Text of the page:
Breaking News: Firing in Vienna, riots in Jalandhar

While we were still watching television, the future arrived with the idiot box’s own version of twitter, called ‘breaking news’. In this Age, speed is God. Everything, but particularly truth and exactitude, can be sacrificed to propitiate Hurry, the God. Often though, such news turns out to be as much broken as it is breaking.

A case in point is the incident in Vienna, Austria last month where two priests of the Guru Ravi Das sect were fired upon. Within hours riots broke out in the Jalandhar city in Punjab. The media, both print and  electronic variously, and mistakenly, termed it as a clash between two rival Sikh sects, an attack on a Sikh guru or a Sikh priest and Sikh gurudwara without realizing that the Ravi Dasi gurus and gurudwaras are not Sikh institutions. It also showed how much the media is  tied to religious categories and is so little aware not only of a minority religion but also of contemporary ‘low’ caste movements and sects.

In an article in the recent issue of EPW, Surinder Jodhka provides an informative take on the Ravi Dasi movement in the Punjab. It makes the following key points:

  • The Ravi Dasi cult in the Punjab has been an independent movement outside Sikh and Hindu religions
  • It has evolved during the 20th century in parallel with Mangoo Ram’s initiation of the ad dharmi movement, though is not synonymous with it
  • The Ravi Dasis revere the Guru Granth Sahib. Guru Ravi Das (1450- 1520) met with Guru Nanak at least three times and he included 40 hymns and a couplet written by Guru Ravi Das in the collection of key contemporary writings later incorporated into the Adi Granth
  • His hymns envisage a casteless and classless society and he is more radical than contemporary Bhakti saints. This particularly comes out in his hymn on Begumpura
  • The Chamars in the Punjab by and large sponsor the Ravi Das deras and about 250 gurudwaras in the state. Kanshi Ram himself came from this sub- caste
  • Migration to Western countries during the 20th century and increasing ease of communication in last two decades has strengthened bonds between local and diaspora. According to Jodhka, a lot of funding for the deras has been from this diaspora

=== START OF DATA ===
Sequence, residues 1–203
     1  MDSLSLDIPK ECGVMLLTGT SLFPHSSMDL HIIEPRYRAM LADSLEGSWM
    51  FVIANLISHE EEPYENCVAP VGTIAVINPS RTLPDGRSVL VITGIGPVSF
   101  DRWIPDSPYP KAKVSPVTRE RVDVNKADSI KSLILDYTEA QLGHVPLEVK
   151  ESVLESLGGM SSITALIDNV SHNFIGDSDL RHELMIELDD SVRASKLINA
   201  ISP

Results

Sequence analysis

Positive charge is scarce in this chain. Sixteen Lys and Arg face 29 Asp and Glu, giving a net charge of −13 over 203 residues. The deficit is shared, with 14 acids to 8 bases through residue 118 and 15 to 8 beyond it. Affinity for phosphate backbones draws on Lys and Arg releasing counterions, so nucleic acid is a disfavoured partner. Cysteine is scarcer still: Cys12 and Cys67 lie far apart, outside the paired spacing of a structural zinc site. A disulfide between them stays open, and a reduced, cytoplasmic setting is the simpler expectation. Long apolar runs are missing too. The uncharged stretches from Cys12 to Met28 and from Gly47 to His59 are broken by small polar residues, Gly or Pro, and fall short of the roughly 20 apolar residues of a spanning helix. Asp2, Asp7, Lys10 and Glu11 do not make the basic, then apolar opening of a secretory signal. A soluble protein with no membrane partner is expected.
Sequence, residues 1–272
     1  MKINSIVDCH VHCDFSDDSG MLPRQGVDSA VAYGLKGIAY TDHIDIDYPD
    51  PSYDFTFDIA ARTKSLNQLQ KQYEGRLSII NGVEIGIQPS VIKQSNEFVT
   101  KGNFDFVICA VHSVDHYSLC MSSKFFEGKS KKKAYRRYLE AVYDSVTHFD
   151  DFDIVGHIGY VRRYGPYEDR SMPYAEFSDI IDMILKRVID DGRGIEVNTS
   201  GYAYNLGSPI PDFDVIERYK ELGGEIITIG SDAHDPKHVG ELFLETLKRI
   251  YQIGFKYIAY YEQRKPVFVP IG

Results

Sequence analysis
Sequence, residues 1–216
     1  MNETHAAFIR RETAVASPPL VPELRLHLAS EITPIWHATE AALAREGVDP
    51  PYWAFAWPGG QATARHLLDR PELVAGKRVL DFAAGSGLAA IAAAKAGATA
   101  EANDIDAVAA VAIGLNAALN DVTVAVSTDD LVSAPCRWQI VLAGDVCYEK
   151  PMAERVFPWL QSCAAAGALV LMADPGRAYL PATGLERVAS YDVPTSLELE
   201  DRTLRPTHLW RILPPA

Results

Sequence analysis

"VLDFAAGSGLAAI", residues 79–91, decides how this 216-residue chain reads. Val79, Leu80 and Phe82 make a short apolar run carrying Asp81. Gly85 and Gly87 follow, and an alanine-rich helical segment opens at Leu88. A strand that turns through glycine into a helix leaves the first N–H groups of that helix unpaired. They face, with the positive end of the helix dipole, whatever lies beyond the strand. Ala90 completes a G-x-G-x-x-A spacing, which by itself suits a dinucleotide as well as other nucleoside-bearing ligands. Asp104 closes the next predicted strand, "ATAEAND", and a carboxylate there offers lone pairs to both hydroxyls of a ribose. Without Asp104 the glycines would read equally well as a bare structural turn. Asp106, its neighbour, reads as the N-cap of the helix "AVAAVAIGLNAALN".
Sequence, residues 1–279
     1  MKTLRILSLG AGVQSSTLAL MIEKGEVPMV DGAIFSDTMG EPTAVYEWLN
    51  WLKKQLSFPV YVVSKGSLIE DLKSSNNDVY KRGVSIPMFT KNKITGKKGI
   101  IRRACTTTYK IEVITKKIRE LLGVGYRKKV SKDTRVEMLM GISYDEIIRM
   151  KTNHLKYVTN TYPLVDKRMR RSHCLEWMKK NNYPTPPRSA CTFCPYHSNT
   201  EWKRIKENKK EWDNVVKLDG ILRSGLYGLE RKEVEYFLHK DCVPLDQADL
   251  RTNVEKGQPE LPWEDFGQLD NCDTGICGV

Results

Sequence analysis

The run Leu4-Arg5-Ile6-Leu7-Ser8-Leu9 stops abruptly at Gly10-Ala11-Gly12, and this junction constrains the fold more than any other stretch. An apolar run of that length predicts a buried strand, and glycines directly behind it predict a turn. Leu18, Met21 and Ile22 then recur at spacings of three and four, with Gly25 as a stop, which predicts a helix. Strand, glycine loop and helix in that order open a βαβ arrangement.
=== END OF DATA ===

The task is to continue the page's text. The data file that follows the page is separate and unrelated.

There is a small extract from a very fine hymn by Guru Ravi Das that appears in the article. It describes the ideal society Begumpura (“a city without sorrows”) envisaged by Guru Ravi Das:

The regal realm with the sorrowless name:
they call it Begumpura, a place with no pain,
No taxes or cares, nor own property there,
no wrongdoing, worry, terror or torture.
Oh my brother, I have come to take it as my own,
my distant home, where everything is right.
That imperial kingdom is rich and secure,
where none are third or second – all are one;
Its food and drink are famous, and those who live there
dwell in satisfaction and in wealth.
They do this or that, they walk where they wish,
they stroll through fabled places unchallenged.
Oh, says Ravidas, a tanner now set free,
those who walk beside me are my friends.

By and large it is a very informative article that stands in contrast with the media’s incorrect reporting of the recent riots in the wake of the Vienna firing.

Download the article. An earlier version of the article appeared at Kafila. Surinder has earlier guest blogged at a reader’s words (Imagining Punjab in the Age of Globalization).


Author: bhupinder singh

an occasional blogger

2 thoughts on “Breaking News: Firing in Vienna, riots in Jalandhar”

  1. Dear Mr. Bhupinder
    Sometimes I think that such kinds of sudden outbursts by the Political Society (in contrast to civil society as defined by Partha Chatterjee) can give us unlimited details of ruptures in history but these ruptures are not really adding anything to the understanding of fundamental rupture. Secondly, the latest analysis is not very strong on the praxelogical front. It recognises Gramsci on theoretical front but does not do so in practical terms. To be honest, this has created a situation where Naxalites seem to be only people symbolising resistance. Will you please respond to that.

    1. Sunil, I am afraid I do not fully understand your question. What is the ‘fundamental rupture’? It would help me if you could elaborate since I am not familiar with some of the other terms like praxelogical. Also, please clarify what makes you think that this analysis uses Gramsci and the conclusion that naxalites seem to be the only people symbolizing resistance.

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